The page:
Getting your financial house in order can be tough when you’re just starting out, but it’s easy to feel overwhelmed not knowing where to begin. Here are some basic tips that can help you get on the right track.
Track Every Dollar with a Budgeting App
Financial power begins with understanding where your money is going. According to a survey by The Ascent, 60% of Americans use a budgeting app to track their expenses.
Save for Emergencies Before Other Goals
Setting up a financial buffer for unexpected costs is your topmost priority. An unplanned expense can wreak havoc on your finances if you do not have savings in place.
A general rule of thumb is that your emergency fund should be equivalent to 3-6 months of living expenses. A survey by Bankrate found that only 39% of Americans have enough savings to cover a $1,000 emergency expense.
Pay Off Credit Cards Aggressively
Credit card debt, with its high-interest rates, can be financially crippling. Arrange your cards according to the interest rate and concentrate on clearing the highest debts first, a strategy also known as debt avalanche. There’s the option to consolidate your balances to a lower rate card, but be mindful of the balance transfer fees, reduced credit limits, or minimum payments.
Seek financial help if needed; there’s no shame in asking for help. Once your balances hit zero, you will feel a surge of relief.
Fund Retirement Accounts Early and Often
Make sure you contribute to your workplace retirement schemes to receive the full employer match, typically a percentage of your salary.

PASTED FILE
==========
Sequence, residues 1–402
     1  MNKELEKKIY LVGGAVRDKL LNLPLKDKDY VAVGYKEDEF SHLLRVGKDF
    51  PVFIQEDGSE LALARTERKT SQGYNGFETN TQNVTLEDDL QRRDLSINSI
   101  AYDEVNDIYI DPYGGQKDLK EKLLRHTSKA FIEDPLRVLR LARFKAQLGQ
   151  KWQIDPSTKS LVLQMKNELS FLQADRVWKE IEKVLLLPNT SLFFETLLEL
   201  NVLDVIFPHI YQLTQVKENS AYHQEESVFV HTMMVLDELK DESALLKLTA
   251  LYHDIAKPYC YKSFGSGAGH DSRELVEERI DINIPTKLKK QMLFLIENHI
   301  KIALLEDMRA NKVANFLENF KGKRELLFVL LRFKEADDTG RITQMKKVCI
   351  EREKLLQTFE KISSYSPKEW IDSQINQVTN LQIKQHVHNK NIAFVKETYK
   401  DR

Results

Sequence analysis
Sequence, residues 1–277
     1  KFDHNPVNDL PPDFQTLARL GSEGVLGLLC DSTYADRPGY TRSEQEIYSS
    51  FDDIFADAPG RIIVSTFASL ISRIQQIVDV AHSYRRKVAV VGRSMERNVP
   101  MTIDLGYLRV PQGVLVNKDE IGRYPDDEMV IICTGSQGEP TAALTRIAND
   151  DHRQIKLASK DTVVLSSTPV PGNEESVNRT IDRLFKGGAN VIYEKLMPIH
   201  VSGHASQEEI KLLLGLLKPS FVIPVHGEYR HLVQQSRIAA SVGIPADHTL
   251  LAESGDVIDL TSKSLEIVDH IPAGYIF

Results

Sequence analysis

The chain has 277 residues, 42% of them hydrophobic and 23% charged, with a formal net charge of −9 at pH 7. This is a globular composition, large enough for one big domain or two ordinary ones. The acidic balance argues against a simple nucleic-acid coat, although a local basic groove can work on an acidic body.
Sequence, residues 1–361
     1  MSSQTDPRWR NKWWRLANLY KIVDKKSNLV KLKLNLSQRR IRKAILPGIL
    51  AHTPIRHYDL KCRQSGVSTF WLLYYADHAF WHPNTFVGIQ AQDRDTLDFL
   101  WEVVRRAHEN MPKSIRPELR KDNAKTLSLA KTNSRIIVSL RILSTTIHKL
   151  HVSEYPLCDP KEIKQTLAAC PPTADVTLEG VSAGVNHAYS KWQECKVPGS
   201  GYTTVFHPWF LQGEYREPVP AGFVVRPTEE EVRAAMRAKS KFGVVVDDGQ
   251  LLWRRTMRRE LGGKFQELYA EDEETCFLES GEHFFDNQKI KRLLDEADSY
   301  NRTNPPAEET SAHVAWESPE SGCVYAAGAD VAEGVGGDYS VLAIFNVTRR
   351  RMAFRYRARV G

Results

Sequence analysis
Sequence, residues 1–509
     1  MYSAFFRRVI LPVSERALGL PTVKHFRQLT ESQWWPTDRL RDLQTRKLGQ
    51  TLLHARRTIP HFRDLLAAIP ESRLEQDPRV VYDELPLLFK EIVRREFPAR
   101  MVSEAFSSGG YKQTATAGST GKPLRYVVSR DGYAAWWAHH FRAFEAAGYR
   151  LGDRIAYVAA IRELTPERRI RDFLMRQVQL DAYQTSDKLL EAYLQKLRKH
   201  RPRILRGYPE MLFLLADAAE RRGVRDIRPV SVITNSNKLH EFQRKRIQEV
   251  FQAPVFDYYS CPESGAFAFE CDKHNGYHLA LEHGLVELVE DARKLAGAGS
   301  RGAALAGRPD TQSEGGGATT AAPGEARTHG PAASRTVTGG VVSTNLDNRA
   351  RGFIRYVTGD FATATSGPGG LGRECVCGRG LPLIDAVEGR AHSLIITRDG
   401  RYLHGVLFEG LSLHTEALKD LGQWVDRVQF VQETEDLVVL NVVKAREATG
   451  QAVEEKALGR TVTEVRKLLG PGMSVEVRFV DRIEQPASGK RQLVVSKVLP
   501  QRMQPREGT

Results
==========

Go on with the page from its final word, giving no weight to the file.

Get a head start on your retirement planning by opening an early IRA with trustworthy firms like Vanguard or Fidelity. Invest in the stock market right away through target date funds ( for a hands-off approach ) or opt for low-fee Roth or traditional accounts to diversify your investments.
According to a study by NerdWallet, a 25-year-old who invests $5,000 per year in a retirement account with an average annual return of 7% could have over $1 million by age 65. Utilize the power of compound growth; your future self will be grateful.
Use Credit Cards Responsibly to Build Scores
Start by limiting purchases to essentials you can pay off each month. Keeping your credit utilization low and paying statements in full helps establish a good payment history.
If you lack credit, a secured card requiring a deposit can help you get started. Maintain on-time payments for 6-12 months before upgrading. As you demonstrate responsible use, consistently apply for credit line increases. Higher limits boost your available credit over time.
Control Spending – Live Below Your Means
The formula is simple – spend less than you make and save the difference. You can use the 50/30/20 rule to keep your expenses in check; allocate 50% of your income to necessities, 30% to wants, and save the remaining 20%. To save and invest more, focus on reducing nonessential expenses.
Limit luxury expenditures, switch to affordable housing and transport options, and minimize credit card use. Save cash for major buys instead of taking on credit.
Start Investing Early and Stay Invested
Target date funds or robo-advisors can be an alternative for those who prefer having automated investments. Remember that investing is not about getting lucky but having patience. Longer time spent in the stock market far outweighs perfectly timing the market. Let compound growth optimize your returns.